Legal Battle Far From Over for 2011 Reno Train-Truck Crash

On June 24, 2011, a John Davis Trucking truck driven by Lawrence Valli crashed on an Amtrak train near Reno, Nevada. The collision killed the truck driver and 5 of the train passengers while dozens of people were also injured. This accident led to the filing of a lawsuit by Union Pacific Railroad and Amtrak against John Davis Trucking. In August 2012, truck accident lawyer Steve Jaffe, speaking on behalf of the trucking company, filed various documents implying that the video filed in court by Union Pacific Railroad was altered. He also filed statements from new witnesses which proved that the rail crossing gates weren’t fully functional when the accident occurred.


Also, the truck accident attorney claimed that the video presented by the rail companies had no bearing in the case because the audio didn’t catch the sound of the collision impact, the fuel explosion, or the smashing of metal. Further reacting on the video, Jaffe claimed that if the northbound traffic gates had been down at the moment the crash occurred, it would have been broken or destroyed. Thus, the lawyer filed for a motion to dismiss the 2 federal cases filed by Amtrak and Union Pacific Railroad.


Both rail companies claimed that truck driver Lawrence Valli didn’t pay attention to the warnings: the flashing lights and the gates at the rail crossing. However, truck accident lawyer Jaffe filed documents with the court which proved that the rail companies destroyed or altered evidences to show that the gates were indeed working. On August 1, 2012, US District Court Judge Howard McKibben dismissed the motion on evidence filed by Jaffe because it was filed with the court without waiting for the other parties to complete their trade of discovery materials. However, Judge McKibben granted truck accident attorney’s motion to seal particular materials on August 8 which supported Jaffe’s motion to dismiss. According to Steve Jaffe, the evidence has to be sealed because it hadn’t been released by NTSB (National Transportation Safety Board).


The railroad companies also filed their objections to Steve Jaffe’s motion to dismiss. Reacting to the objections, Steve Jaffe presented statements by witnesses who claimed that the rail crossing gates were not working when the accident happened. One witness, Steve Hamilton, testified through his written statement that he was driving north on that fateful morning the accident occurred and he didn’t notice the warning lights were flashing on the railroad crossing. He also claimed that for northbound traffic, the railroad gate crossing had a cord or rope dangling from it and that it was at a 33-45 degree angle.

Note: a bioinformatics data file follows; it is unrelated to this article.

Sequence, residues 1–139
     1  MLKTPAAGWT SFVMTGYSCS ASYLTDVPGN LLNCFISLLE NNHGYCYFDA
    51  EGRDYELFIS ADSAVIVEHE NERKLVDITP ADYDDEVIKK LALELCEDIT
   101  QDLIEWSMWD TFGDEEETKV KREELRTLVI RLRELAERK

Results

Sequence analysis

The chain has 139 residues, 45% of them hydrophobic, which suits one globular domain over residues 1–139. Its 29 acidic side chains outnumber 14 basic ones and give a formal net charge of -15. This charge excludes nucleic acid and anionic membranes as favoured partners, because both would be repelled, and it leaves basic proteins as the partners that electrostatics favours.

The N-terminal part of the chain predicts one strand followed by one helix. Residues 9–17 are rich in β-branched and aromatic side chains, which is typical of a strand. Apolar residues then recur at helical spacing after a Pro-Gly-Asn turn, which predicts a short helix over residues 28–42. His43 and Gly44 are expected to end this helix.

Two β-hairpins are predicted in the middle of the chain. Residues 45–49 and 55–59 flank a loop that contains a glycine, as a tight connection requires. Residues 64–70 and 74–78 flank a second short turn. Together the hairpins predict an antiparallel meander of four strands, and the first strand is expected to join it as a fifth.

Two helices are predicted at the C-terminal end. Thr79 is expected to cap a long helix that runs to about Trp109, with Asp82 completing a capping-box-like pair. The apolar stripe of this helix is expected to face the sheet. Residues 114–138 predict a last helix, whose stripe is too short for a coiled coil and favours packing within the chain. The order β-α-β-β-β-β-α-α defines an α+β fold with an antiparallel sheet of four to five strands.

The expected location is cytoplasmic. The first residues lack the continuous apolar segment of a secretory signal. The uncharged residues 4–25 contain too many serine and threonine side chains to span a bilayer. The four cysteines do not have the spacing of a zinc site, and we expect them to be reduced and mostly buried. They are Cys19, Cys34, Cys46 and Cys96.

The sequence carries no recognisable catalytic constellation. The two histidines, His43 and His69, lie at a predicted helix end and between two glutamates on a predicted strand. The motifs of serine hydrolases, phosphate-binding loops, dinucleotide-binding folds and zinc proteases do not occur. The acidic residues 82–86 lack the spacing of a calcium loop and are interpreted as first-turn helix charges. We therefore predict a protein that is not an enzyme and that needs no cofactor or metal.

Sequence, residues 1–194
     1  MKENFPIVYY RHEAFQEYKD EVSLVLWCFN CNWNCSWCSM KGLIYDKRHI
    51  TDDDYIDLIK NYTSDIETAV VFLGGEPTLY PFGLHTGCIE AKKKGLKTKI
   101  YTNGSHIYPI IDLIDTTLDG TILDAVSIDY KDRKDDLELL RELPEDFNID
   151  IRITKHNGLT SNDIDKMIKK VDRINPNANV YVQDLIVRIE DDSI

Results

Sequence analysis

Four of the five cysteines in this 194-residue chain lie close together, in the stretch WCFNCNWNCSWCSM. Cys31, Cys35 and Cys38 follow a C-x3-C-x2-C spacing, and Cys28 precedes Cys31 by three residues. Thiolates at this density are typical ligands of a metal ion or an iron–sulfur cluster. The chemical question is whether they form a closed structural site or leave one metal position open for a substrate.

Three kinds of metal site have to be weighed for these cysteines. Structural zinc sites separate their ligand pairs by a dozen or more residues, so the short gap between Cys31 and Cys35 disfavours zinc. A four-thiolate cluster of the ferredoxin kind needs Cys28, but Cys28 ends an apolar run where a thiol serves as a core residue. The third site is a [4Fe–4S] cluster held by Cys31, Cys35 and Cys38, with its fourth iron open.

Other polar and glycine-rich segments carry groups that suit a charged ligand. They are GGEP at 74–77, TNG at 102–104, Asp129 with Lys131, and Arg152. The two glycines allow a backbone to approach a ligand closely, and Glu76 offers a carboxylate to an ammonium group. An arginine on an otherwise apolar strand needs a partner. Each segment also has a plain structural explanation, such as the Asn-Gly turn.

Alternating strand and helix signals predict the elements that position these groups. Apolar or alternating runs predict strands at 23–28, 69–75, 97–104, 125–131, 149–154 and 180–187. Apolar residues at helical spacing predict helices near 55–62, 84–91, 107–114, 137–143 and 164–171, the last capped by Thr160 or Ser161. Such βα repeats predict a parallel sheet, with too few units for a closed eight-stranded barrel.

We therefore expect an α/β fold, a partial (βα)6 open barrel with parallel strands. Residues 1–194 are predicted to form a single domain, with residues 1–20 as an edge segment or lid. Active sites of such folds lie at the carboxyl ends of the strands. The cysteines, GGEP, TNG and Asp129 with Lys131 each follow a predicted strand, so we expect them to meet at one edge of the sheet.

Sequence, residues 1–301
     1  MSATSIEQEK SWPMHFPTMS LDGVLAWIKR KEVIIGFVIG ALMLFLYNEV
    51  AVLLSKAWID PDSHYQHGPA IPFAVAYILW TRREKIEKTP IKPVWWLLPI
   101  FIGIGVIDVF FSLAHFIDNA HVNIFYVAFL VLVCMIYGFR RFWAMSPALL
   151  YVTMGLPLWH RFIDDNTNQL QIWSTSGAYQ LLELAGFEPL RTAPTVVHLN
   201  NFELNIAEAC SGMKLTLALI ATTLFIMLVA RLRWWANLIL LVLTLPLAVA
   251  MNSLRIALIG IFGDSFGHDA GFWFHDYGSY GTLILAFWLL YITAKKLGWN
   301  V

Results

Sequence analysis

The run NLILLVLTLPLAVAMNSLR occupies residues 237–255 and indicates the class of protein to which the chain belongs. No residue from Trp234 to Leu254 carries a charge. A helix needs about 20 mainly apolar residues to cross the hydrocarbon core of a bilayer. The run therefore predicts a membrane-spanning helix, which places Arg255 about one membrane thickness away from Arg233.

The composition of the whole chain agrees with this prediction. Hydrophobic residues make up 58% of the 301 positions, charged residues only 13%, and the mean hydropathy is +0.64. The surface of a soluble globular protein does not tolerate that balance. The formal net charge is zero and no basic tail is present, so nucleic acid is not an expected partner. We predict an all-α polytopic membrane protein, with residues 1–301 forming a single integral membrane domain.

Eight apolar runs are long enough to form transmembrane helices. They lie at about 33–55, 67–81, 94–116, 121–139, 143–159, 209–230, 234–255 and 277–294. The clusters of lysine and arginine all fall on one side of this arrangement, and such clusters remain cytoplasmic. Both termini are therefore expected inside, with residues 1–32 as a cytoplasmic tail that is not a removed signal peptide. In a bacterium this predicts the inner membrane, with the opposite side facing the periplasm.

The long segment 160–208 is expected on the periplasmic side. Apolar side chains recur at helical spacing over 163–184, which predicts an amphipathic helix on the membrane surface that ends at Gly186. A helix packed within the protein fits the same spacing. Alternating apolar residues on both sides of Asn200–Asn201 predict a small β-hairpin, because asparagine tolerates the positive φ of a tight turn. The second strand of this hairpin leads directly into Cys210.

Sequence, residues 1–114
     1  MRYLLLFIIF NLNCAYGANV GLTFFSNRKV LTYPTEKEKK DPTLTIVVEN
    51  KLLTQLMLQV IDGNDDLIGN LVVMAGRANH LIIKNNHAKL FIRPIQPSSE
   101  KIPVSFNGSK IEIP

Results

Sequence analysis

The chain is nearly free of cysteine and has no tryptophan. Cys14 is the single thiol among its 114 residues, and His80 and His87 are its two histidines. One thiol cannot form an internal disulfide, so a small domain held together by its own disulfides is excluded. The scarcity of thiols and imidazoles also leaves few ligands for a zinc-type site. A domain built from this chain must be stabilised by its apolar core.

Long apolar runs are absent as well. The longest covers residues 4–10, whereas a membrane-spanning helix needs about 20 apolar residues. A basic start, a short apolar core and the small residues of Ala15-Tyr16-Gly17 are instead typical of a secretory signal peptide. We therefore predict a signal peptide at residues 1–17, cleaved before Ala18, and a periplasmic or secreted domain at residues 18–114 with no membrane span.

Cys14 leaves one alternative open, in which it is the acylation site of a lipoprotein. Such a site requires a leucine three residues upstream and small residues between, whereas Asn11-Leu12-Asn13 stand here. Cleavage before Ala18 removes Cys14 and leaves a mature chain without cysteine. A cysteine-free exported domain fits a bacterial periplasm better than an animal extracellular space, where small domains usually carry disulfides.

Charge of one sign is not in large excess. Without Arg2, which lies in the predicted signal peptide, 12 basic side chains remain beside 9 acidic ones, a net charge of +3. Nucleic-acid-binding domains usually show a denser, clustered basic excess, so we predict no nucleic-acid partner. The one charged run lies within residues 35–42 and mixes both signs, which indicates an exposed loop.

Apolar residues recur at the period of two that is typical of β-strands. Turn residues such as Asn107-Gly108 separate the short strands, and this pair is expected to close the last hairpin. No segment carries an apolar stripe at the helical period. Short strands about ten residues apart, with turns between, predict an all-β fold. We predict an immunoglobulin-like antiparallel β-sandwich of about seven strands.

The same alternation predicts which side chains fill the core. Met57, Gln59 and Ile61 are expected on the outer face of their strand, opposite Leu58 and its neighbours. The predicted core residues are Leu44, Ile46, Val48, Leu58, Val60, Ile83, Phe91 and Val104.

Although the rail companies have disputed that the rail crossing gate had been damaged by the accident, truck accident attorney Jaffe provided pictures which proved that the tip of the gate was damaged during a crash on the same site in 2010. Another witness for John Davis Trucking, Adam Arthur Cheatham, claimed that the collision impact was so great and produced a very loud noise. When he got out of the train coach, he saw long skid marks which showed that the truck did attempt to stop. In his written statement, Cheatham also testified that the rail crossing wasn’t damaged when he inspected it. There are at least 15 pending lawsuits between John Davis Trucking, and Amtrak and United Pacific Railroad. Three of which were filed in the Reno’s District Court.


St. Louis Truck Accident Lawyer

Since 1991, our Truck Accident Lawyers have been standing up for the rights of accident victims in St. Louis, Missouri and Illinois. Our firm’s principle, David Zevan, is a member of the Motor Vehicle Trial Lawyers Association and the American Association for Justice Interstate Trucking Litigation Group.


If you or someone you love has been the victim of a truck accident, contact the Truck Accident Lawyers of the Zevan and Davidson Law Firm at (314) 588-7200 to discuss your case today!

Call (314) 588-7200 or Free Truck Accident Lawyer Consultation


photo credit: Slideshow Bruce

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